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Wind farm in Curacao Photograph: David Ince
A few other Caribbean countries have seen success with renewable energy. The Dutch Caribbean has led the way in terms of wind energy, with Curacao, Bonaire and Aruba all having significant generation capacity. The political connection to the Netherlands has helped with technical expertise and there has been economic support from the Dutch government. Jamaica has been able to build on the know-how of Dutch Caribbean countries in their own wind development.

Nevis, St Lucia and Dominica have all sought to develop geothermal energy projects, which is another source of renewable energy that has potential in the Caribbean. The Organisation of American States and the World Bank have provided capacity and financing support.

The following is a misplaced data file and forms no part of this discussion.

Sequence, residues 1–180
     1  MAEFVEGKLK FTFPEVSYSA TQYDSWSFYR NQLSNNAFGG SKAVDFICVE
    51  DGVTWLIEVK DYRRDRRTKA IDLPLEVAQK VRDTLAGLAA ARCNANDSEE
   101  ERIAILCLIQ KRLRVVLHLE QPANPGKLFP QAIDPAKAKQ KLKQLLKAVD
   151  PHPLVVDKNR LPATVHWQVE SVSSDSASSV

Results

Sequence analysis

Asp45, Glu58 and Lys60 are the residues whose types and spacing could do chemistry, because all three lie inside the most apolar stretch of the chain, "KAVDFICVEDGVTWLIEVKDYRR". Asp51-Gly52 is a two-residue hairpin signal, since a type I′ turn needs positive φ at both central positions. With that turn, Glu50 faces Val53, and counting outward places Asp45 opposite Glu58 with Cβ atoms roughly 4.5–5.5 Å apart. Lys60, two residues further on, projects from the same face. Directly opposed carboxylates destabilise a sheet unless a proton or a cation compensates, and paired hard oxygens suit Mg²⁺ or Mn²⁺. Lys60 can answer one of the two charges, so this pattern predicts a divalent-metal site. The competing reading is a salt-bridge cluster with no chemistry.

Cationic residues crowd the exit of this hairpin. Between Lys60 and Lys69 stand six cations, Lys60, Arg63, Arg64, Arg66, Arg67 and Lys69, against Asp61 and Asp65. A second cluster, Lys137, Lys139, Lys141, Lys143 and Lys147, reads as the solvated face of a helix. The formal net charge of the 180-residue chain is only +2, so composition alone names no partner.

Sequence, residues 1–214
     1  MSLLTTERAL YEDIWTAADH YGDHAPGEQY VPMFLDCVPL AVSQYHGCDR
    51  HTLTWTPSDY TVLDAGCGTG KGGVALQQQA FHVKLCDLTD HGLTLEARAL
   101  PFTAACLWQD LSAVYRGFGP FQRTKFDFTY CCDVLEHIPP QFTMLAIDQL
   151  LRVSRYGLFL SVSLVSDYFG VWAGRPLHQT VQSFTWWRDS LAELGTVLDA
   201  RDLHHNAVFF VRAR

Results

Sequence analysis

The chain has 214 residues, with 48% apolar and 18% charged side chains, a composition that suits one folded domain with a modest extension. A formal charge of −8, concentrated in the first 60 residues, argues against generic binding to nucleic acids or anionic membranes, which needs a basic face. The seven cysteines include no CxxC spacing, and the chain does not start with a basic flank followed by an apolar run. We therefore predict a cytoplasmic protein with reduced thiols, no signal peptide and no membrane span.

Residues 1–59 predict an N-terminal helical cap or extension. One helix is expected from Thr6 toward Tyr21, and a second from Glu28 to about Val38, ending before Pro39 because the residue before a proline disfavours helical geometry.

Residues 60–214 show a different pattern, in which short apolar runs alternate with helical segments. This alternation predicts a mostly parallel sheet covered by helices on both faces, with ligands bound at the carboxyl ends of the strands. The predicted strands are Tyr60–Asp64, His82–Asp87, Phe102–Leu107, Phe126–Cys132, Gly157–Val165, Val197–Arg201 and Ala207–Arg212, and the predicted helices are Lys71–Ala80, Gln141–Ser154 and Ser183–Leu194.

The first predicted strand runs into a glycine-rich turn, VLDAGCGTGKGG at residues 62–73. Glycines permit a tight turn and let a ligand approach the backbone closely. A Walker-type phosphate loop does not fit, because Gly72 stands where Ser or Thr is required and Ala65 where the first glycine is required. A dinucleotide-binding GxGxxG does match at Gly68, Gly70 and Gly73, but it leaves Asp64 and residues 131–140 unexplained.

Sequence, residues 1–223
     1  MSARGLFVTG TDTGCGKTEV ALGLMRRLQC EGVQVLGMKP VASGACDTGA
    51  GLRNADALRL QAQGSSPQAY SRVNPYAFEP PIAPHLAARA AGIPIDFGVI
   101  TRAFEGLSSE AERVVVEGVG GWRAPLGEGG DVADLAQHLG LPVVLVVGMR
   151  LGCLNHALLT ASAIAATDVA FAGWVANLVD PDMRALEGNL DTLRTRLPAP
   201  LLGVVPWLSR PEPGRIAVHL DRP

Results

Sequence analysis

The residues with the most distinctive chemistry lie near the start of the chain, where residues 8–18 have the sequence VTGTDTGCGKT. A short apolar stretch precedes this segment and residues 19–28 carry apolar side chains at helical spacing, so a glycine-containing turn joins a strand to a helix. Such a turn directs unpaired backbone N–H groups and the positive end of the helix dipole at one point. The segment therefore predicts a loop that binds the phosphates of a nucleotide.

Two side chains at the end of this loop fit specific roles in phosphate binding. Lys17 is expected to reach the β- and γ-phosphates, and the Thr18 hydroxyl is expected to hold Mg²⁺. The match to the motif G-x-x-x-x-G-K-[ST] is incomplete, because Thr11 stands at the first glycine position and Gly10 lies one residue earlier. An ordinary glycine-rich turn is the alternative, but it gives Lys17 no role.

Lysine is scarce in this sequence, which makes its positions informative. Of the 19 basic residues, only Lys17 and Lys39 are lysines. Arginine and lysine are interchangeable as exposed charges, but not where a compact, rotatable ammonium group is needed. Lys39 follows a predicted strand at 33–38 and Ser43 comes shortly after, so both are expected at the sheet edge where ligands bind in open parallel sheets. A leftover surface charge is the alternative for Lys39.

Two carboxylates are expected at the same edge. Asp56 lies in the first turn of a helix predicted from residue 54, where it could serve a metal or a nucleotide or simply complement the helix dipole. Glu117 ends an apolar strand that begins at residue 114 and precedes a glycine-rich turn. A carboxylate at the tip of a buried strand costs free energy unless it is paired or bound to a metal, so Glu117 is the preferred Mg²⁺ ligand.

It is encouraging to see developments such as these. The groundwork has been laid through efforts of pioneers such as Wright and Headley and there are more grassroots leaders like Derek emerging.

But the efforts of individual champions cannot be successful without policies, legislation and economic incentives, which governments are slowly but surely putting in place. Having these policies on the books without recognising and supporting local businesses or providing an environment through which champions can come to the fore is likely to impede the progress of this spectacularly beautiful but vulnerable region in developing a flourishing green economy.
Some names have been changed.
Join our community of development professionals and humanitarians. Follow@GuardianGDP on Twitter. Join the conversation with the hashtag #EnergyAccess.